Being in a host family is a very unique social situation. You are automatically living in very close quarters with people you barely know and at the beginning could barely communicate with. Luckily, it only took one mis-communication for my host mom and I to start learning how to understand each other. My host mom, a very traditional Catholic but a very welcoming and fun person, is named Ascención, but everyone calls her Choni. During the whirlwind first day, Choni had taught me how to make coffee on the stove using the small percolator she has. However, I didn’t fully understand how to turn it off. I thought, “its just a stove how hard can it be?” How wrong I was.
My first day of class comes and, of course, I am running late. Everyone else in my host family had already left the house. I pour out my coffee and go to turn off the stove. After 5 minutes, I can get it to turn off except for one upside down four on one of the displays. After 10 minutes, I just had to leave. After class, I go running to the student life office to talk to one of the advisers and also a recent friend Estrella. I try to tell her in Spanish, but an emotional Evelyn attempting to explain in Spanish was just not going to cut it so I quickly switch to English. “I’m sure I’m going to burn the apartment down!” I exclaimed. She ensured me that everything would be alright and that she would give Choni a call. I went back to class and after lingering to talk to my new friends, heading back home for lunch. I was sure I would be greeted with a strict lecture when I arrived back home. However, I was greeted with an enthusiastic “Buenas dias, guapa!” (Hi, cutie) and a delicious. Later that day, she explained it once more and I realized that the upside down four was actually an h for hot.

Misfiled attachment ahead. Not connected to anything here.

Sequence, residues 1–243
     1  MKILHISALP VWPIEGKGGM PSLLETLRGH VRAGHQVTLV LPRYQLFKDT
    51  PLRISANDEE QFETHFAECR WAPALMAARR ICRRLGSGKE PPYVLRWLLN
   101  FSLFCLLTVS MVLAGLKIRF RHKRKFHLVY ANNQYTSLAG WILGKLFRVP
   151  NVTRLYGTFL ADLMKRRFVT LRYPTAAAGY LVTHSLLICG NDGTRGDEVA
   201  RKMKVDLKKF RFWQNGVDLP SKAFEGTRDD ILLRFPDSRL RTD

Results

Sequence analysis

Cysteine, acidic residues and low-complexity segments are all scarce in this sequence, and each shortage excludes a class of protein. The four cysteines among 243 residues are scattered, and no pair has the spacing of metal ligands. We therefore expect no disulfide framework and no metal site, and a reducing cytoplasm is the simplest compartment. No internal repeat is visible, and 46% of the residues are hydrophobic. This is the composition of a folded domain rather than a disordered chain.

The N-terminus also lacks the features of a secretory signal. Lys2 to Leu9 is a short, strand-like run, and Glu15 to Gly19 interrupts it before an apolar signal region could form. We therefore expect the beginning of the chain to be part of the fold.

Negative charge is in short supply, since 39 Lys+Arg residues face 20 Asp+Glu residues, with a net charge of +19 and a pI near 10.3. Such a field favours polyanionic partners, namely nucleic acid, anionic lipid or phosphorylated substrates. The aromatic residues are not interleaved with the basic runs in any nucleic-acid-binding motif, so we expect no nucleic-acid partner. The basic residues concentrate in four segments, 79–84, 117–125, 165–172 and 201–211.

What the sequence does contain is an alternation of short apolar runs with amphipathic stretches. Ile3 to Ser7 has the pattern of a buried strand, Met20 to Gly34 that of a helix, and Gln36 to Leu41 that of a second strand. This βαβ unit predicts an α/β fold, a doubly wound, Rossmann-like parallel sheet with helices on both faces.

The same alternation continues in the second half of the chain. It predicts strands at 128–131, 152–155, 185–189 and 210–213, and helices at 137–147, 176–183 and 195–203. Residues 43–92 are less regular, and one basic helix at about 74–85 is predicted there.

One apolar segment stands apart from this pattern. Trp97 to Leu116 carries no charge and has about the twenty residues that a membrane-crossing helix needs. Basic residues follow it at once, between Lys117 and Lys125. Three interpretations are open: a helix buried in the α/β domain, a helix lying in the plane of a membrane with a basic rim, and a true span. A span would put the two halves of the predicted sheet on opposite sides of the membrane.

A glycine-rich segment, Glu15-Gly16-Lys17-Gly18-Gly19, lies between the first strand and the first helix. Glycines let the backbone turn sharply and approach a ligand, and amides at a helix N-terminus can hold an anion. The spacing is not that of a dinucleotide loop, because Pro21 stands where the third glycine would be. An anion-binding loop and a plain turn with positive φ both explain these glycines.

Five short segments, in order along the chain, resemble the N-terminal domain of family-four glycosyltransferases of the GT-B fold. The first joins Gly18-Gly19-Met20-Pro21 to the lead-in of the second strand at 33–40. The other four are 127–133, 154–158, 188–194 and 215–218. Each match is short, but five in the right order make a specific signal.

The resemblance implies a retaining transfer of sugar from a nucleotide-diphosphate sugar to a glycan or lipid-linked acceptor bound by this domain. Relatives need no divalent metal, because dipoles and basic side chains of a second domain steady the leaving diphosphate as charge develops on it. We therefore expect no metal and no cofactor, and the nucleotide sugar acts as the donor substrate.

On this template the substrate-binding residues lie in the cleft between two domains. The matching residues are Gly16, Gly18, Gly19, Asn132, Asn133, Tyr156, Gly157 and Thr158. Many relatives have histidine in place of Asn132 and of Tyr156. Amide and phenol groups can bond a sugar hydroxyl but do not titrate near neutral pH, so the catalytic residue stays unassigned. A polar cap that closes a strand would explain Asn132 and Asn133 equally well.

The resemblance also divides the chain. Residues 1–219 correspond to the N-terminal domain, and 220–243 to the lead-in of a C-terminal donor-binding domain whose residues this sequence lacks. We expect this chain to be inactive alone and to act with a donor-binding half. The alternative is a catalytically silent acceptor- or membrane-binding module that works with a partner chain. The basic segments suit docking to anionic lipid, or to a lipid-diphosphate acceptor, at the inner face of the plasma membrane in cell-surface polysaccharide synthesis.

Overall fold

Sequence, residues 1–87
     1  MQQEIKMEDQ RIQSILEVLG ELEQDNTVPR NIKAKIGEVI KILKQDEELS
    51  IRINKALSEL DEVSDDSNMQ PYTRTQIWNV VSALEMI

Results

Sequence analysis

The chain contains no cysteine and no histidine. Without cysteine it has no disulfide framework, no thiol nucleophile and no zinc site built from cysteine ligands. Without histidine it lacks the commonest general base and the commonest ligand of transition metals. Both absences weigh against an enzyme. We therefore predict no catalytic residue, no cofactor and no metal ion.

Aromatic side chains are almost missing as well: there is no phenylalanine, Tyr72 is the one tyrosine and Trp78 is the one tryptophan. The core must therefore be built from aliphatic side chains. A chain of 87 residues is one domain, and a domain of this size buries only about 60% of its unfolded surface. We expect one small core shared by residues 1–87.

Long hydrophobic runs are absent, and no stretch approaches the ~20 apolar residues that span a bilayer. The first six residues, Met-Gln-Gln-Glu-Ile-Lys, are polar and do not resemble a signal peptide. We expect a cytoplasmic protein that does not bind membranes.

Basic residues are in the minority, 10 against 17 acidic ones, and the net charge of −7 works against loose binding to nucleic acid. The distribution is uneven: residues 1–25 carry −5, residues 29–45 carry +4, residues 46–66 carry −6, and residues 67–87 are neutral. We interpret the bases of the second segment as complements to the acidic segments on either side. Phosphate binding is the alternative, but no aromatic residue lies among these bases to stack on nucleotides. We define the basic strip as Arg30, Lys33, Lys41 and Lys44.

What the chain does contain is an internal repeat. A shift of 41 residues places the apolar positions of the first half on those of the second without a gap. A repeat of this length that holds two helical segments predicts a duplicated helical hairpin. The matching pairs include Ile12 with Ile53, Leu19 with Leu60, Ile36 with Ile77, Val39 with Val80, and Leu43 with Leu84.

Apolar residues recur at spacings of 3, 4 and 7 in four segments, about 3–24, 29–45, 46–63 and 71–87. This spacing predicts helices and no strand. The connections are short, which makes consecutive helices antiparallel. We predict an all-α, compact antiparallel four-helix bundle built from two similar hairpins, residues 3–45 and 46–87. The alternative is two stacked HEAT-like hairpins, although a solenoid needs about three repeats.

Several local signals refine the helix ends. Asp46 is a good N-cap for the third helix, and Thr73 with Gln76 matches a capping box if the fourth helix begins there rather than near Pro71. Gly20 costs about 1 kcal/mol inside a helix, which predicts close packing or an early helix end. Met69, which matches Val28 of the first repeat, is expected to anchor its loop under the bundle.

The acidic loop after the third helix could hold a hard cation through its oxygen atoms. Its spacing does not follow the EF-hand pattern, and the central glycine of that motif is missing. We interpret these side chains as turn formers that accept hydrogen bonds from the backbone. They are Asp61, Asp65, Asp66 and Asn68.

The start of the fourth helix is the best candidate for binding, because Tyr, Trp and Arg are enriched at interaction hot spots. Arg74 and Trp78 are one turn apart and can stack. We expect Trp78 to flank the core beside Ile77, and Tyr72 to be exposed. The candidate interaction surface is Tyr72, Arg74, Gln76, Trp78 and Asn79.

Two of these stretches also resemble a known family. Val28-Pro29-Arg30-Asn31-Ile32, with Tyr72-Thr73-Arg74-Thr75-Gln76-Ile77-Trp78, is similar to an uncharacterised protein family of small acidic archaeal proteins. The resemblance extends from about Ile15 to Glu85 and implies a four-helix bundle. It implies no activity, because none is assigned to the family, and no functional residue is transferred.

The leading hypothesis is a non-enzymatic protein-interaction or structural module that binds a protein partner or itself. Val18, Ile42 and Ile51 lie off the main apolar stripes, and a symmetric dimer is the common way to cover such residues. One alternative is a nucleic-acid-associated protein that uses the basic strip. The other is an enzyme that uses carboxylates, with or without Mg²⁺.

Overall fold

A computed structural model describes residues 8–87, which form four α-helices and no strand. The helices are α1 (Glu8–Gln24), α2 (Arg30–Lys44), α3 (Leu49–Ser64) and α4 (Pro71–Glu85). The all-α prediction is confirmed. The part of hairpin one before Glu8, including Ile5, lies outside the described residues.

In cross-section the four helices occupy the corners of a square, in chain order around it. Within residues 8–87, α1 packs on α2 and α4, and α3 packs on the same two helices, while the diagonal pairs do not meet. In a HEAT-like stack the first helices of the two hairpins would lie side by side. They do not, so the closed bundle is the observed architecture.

Since then, we’ve been getting along very well, including attending a kids club and church together and some very interesting discussions during lunch. I’m looking forward to getting to know her even better in the coming 3 months!